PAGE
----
By Youssef Sourgo
Morocco World News
Casablanca, April 4, 2013
In a speech he gave during the official dinner hosted in his honor by King Mohammed VI on Wednesday at the Royal Palace of Casablanca, the French President, François Hollande, stated that “France will never forget that Moroccan soldiers came to fight bravely to liberate it during two world wars,” and that the late King Mohammed V who “was ennobled Compagnon de la Libération General De Gaulle,” was “the only head of state to receive this honor.”
Hollande also pointed out that “Morocco is closely linked to France, its people, its history, its language,” adding that “France is united to Morocco by multitudinous human, cultural and economic ties.”
“Several common factors today bring France and Morocco together, said Holland, hinting at the role of Moroccans living in France and the French community living in Morocco, which “are both sources of mutual enrichment in the realms of economy, culture and tourism.”
The French president also reaffirmed France’s confidence in Morocco, a nation he described as having “considerable assets,” best embodied in its “young population” its “stability” and its “respect for traditions that do not impede the march towards modernity.”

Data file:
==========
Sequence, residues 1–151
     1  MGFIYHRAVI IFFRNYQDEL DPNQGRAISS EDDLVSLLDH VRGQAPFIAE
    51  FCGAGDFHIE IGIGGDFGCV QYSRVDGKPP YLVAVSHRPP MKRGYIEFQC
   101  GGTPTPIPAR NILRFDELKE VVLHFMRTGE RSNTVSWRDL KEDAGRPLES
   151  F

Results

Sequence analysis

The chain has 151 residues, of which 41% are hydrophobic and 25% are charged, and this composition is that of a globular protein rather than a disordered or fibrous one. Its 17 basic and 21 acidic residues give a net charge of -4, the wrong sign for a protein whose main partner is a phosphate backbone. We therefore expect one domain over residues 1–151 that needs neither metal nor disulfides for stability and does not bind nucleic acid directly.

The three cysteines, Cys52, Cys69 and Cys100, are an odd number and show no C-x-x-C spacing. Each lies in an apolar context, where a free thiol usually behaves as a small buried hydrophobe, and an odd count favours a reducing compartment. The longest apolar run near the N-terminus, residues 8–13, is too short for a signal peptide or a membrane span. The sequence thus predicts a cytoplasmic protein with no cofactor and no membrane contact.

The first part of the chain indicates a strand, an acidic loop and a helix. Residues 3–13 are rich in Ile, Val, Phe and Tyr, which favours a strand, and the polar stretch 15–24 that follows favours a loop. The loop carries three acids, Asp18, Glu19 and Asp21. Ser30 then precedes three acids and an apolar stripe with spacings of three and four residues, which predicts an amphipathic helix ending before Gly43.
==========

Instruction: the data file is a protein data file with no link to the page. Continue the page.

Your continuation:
Emphasizing the “exceptional” geographic location of the Kingdom, “located at the confluence of the Mediterranean, the Arab world and Africa,” Mr. Hollande noted that Morocco has “managed to build a model that fully encompasses each component of its identity, whether Arab-Islamic, Amazigh, African, Andalusian, Hebrew, Mediterranean Sahara-Hassani,” as enshrined in the Moroccan constitution.”
Hollande also praised the Moroccan model as one that is “built on openness, tolerance and dialogue”, enjoying a richness that few countries have, principally manifested in a “unique historical legacy.”
In the same vein, Holland hailed King Mohammed VI’s decision to “launch a major reform movement” in response to the aspirations of the Moroccan people, which is “like all the other peoples, seek freedom, progress and democracy.”
The French President welcomed the sustained commitment of the King, since the beginning of his reign, to developing the ties between the two countries, while also expressing his commitment to continue the “exceptional” partnership that Morocco and France were able to maintain for decades.
Hollande also highlighted the major projects likely to promote bilateral cooperation between the two countries, particularly in the field of education and training, as well as in the varying production sectors, without losing sight of the requisites of a sustainable development and the conservation of natural resources.
Morocco and France, said Mr. Hollande, share “the ambition to contribute to a more just and more peaceful and secure world,” especially in the Mediterranean and the Sahel.
The French president ultimately thanked the Kingdom for its support to French intervention in Mali to fight against terrorism.